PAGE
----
Fleischfreude (2009)

Fleischfreude (Self-Portrait), 2009, performance photo, dimensions variable

Evoking the obsession with the preparation and desire of food, the title directly references Carolee Schneeman’s seminal feminist performance work, Meat Joy, from 1964. The artist gazes unabashedly direct at the viewer; it seems to be a celebration of flesh and erotic ritual. Conflating sexual desire with the hunger for food, Fleischfreude is a critique of female objectification, while evoking the Japanese practice of Nyotaimori, where mostly male customers eat sushi off a very still naked woman’s body.

From the time of colonialism and foreign military occupation, Asian women have been particularly vulnerable to fetishization, sexualization, and marginalization. Insidious stereotypes have been perpetuated and disseminated across the globe, not only by Hollywood films, such as Full Metal Jacket and Heaven and Earth, but also in American fiction. This precise intersectionality can be a matter of life or death, as was in the case of the 2021 Atlanta spa shootings, when a white man killed six women of Asian descent, citing his sexual addiction as the cause for the mass murder.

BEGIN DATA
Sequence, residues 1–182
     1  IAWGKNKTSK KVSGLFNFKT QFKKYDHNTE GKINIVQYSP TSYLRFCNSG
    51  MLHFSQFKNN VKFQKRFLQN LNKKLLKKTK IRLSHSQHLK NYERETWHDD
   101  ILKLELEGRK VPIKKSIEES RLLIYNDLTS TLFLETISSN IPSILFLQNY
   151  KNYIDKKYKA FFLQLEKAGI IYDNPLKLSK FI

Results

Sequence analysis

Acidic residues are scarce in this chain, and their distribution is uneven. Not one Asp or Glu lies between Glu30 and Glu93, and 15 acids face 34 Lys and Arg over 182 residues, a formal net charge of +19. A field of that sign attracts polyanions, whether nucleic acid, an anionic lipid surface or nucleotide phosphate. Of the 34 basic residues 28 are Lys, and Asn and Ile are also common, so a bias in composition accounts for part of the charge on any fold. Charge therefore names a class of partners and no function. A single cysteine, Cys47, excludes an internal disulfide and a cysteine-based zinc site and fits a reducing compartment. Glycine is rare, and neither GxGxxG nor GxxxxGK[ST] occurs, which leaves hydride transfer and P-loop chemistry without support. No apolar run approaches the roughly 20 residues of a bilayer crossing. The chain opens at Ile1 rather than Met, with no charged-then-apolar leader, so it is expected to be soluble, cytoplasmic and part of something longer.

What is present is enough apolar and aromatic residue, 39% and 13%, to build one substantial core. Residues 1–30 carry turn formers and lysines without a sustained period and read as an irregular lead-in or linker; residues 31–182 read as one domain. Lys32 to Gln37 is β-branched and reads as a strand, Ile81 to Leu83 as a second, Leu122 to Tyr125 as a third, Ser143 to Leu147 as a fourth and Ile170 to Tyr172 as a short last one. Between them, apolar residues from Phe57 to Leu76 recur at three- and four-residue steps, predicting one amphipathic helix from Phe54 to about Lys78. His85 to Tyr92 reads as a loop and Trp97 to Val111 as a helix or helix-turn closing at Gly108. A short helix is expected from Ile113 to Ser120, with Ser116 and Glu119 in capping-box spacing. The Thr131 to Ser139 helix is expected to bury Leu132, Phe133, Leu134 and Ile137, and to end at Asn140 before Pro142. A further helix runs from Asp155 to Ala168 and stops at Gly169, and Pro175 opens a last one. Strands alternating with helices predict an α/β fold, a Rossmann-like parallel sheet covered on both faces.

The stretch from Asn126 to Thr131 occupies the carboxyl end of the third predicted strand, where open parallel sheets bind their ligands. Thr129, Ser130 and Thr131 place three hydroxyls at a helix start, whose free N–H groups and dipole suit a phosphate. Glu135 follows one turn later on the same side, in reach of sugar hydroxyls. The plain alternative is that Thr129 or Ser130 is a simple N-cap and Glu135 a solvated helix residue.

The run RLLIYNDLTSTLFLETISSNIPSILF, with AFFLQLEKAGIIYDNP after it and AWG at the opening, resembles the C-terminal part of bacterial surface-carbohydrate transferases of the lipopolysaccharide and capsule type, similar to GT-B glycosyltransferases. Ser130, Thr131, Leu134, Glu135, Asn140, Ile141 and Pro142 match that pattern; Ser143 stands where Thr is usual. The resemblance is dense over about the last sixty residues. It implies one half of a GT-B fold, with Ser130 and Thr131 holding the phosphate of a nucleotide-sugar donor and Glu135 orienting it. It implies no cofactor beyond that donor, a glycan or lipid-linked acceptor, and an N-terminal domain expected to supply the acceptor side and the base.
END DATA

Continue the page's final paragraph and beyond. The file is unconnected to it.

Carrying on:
Mirae kh RHEE’s Fleischfreude Self-Portrait is a work that marks a turning point in the artist’s solidarity with all Asian women, regardless their country of origin. It was a significant decolonizing moment when she realized that her own self-internalized racism, sexism, and classism was, in fact, being projected on others. Thus, Fleischfreude is not only a critique of Asian women being portrayed as submissive and hypersexualized, but also a reproach at herself for caring what others think.